An unfortunate omission from Sayle’s book is a more thorough discussion of the alliance’s role during the breakup of Yugoslavia in the 1990s. In 1999, following a flare-up of ethnic violence between Serbians and ethnic Albanians in the disputed province of Kosovo, NATO launched airstrikes against the forces of Yugoslav president Slobodan Milosevic. The bombing forced Yugoslav armed forces out of Kosovo and led to the establishment of a UN peacekeeping mission in the region. From the perspective of NATO and the Kosovars, the campaign was a much-needed humanitarian intervention that prevented widespread ethnic cleansing. From the Serbian perspective, it was an illegal war of aggression with a civilian death toll in the hundreds. A crucial turning point in NATO’s history that arguably paved the way for a more interventionist role in subsequent conflicts in Afghanistan, Iraq, and Libya, it is surprising that the Yugoslav crisis receives no more than a few sentences of attention.
Nonetheless, the book provides an excellent, thorough, and highly readable account of NATO’s history from its founding in 1949 to the collapse of the Soviet Union in the early 1990s. Enduring Alliance should be the first stop for those seeking to better understand how NATO came into existence, what shape it took, and why it is still relevant in a world in which the Soviet Union no longer exists. While the book provides an excellent survey for interested general readers, Sayle’s heavily-researched revelations regarding the inner-workings of the alliance also provide ample new material to enrich the understanding of specialists. At the alliance’s 70th anniversary, a time when NATO is attracting more public attention than it has in years, Enduring Alliance makes a timely and valuable contribution to our understanding of where the alliance came from and where it may be going.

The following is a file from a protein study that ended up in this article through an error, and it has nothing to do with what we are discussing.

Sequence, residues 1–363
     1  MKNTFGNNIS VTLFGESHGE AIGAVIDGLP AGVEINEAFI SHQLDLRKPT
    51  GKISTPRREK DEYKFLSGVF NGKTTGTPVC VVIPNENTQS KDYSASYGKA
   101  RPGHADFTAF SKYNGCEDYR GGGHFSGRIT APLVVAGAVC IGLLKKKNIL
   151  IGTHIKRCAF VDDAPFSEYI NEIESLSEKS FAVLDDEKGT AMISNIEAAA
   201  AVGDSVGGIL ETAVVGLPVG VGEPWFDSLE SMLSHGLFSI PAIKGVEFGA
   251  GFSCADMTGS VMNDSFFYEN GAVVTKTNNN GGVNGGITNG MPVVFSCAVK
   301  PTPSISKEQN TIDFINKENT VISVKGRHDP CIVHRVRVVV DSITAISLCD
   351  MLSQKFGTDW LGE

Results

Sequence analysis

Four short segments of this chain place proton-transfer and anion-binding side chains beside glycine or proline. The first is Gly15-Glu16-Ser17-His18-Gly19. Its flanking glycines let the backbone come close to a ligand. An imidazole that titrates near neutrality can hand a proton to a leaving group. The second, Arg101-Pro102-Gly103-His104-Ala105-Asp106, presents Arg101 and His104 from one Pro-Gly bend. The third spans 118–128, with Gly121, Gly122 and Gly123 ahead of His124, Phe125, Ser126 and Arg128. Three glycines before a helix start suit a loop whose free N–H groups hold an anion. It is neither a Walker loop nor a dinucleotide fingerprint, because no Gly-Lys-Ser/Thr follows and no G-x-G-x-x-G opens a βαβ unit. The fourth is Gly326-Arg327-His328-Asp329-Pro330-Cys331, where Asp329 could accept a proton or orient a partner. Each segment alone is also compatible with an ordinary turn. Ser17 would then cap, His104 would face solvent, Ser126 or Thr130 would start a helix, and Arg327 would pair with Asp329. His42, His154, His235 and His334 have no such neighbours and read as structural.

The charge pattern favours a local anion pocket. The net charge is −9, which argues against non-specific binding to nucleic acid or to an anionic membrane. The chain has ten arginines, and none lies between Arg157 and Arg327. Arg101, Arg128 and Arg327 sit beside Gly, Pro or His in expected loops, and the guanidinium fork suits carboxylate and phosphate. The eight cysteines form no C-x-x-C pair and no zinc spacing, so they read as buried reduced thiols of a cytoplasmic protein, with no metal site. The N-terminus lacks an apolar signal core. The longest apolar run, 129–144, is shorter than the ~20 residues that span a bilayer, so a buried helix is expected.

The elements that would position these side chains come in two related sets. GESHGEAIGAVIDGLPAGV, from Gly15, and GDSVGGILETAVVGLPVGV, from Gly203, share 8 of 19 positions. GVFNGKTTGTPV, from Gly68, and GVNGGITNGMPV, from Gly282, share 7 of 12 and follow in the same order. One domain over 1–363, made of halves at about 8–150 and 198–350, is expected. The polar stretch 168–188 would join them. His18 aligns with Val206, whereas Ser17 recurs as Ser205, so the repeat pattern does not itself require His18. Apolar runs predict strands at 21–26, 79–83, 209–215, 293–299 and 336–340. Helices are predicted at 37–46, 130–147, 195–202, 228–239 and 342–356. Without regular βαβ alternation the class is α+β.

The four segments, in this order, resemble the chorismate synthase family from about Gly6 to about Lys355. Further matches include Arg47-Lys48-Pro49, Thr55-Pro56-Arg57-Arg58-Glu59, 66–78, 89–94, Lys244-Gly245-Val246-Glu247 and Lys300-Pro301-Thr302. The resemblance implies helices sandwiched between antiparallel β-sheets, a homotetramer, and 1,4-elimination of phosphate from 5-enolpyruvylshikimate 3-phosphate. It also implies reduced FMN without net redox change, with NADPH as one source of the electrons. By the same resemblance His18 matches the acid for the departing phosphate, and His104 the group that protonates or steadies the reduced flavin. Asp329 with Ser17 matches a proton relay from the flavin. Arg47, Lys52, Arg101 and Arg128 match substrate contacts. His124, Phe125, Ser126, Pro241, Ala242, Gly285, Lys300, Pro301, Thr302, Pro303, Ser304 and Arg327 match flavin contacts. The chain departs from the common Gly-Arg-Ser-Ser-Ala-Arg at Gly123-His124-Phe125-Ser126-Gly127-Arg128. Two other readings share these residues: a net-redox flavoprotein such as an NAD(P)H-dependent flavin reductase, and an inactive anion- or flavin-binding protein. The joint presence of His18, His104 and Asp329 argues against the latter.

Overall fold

Disclaimer: Any views or opinions expressed in articles are solely those of the authors and do not necessarily represent the views of the NATO Association of Canada.